How to get a mortgage in France?
Applying for a mortgage in France is relatively easy and very similar to the process in other countries.
It may be worth consulting with several mortgage lenders to see which one will give you the best mortgage interest rate. There are many banks in France offering mortgages to foreigners, as well as specialized mortgage providers focused on providing mortgages and services to foreigners.
As a buyer, you can request a formal mortgage offer from a lender of your choice once the completed sales contract has been signed by the seller and buyer and the bank is confident that the buyer can afford the loan (by French standards) and the value of the property supports loan request.
Once accepted, the mortgage will be submitted for underwriting for final approval by the lending institution.
Tax considerations for a French mortgage
There are three main forms of mortgage-related tax relief that you can receive when paying taxes in France.
One is to deduct mortgage interest from rental income. If you buy French property and rent it out for all or part of the year, your mortgage interest is a direct business expense in relation to your rental income.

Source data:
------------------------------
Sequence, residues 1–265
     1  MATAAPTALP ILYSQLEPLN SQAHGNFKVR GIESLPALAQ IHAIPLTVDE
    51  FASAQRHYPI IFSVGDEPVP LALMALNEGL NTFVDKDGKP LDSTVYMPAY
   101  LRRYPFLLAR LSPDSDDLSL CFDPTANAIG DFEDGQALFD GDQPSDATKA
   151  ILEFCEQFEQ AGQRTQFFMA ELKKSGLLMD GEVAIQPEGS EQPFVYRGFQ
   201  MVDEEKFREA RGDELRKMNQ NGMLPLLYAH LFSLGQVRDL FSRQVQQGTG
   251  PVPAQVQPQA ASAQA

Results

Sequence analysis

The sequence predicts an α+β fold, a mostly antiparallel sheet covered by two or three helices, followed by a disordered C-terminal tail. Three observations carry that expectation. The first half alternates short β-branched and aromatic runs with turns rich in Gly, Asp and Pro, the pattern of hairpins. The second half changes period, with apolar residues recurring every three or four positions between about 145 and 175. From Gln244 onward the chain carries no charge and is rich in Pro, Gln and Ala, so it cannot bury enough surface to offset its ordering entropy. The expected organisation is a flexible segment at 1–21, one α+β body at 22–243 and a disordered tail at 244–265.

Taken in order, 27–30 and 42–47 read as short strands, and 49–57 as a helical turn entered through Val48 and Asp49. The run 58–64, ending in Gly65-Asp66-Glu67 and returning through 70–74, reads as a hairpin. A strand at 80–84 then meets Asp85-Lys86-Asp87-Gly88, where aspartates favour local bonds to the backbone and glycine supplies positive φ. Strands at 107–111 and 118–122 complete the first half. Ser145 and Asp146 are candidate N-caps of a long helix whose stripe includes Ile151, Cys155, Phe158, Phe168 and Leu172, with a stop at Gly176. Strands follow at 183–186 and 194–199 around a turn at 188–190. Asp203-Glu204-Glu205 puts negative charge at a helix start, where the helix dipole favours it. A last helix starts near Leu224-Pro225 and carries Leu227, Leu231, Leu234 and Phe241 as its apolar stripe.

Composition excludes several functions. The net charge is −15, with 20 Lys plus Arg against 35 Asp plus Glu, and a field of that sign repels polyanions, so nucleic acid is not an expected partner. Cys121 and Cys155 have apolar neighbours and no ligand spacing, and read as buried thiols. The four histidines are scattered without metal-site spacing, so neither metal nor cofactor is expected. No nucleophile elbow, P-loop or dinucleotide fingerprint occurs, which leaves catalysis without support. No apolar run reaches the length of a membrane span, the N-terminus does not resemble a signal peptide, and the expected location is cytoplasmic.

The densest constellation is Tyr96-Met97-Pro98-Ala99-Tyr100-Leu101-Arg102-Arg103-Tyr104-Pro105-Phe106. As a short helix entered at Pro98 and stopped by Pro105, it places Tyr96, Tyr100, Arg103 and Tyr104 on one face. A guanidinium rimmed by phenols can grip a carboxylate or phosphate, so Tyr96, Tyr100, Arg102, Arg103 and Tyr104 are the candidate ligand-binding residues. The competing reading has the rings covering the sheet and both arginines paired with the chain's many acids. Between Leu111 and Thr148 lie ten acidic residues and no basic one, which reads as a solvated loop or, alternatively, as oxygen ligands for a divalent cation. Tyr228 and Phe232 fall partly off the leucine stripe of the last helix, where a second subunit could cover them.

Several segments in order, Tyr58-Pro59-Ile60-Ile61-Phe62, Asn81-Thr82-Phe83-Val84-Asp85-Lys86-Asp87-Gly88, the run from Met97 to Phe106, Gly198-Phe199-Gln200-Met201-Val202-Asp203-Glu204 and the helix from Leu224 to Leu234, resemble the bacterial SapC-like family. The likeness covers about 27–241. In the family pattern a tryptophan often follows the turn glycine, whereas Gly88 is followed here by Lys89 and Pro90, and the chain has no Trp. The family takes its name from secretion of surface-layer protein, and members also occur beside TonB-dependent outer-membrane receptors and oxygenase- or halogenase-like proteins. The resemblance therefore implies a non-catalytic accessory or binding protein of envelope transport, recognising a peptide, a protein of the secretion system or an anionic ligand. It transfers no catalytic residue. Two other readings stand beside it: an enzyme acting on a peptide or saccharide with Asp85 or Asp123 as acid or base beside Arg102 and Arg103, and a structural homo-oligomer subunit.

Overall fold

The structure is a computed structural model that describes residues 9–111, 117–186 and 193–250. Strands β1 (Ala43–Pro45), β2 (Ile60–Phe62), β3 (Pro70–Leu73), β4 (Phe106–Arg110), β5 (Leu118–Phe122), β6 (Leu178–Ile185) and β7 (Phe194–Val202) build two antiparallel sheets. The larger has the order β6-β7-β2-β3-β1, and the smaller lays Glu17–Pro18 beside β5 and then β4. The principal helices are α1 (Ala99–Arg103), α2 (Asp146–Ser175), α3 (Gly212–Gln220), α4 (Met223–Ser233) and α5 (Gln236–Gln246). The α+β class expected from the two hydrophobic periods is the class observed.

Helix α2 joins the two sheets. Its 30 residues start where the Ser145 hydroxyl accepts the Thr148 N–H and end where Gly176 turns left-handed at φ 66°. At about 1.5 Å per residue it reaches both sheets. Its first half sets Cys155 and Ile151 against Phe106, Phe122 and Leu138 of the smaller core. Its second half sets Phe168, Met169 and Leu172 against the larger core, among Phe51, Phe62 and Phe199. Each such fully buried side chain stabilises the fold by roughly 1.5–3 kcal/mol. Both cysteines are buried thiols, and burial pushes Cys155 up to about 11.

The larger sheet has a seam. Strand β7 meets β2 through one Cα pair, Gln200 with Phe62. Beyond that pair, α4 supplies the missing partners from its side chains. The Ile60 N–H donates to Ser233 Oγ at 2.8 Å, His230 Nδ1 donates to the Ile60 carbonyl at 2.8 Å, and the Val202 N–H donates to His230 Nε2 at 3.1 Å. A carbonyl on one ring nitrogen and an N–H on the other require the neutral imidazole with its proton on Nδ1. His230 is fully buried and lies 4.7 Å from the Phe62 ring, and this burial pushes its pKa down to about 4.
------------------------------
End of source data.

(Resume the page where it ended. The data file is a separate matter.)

Thus, for French citizens and expats with a valid residence visa, property income tax is applied to rental income minus interest payments. However, for non-residents, the tax liability on rental income is reduced to 25% of the tax for residents.
French law also allows mortgage interest to be deducted from French inheritance tax. This can be a significant responsibility for those who inherit your property.
Inheritance tax laws are complex and highly situational. Before buying a French property or taking out a mortgage, it is recommended that you speak with a qualified tax advisor.
The third form of mortgage-related tax relief only applies to those subject to French property tax.
New property tax rules introduced in January 2018 mean that anyone who owns property worldwide worth €1.3 million or more must pay an additional tax rate. Non-residents only have to pay for real estate in France.
The rates depending on the value of the property are as follows:
- EUR 800,000–1,300,000: 0.5%
- EUR 1,300,000–2,570,000: 0.7%
- EUR 2,570,000–5,000,000: 1%
- EUR 5,000,000–10,000,000: 1.25%
- EUR 10,000,000 and more: 1.5%
Those who qualify for the tax can offset the value of their main home by 30% if they live in it.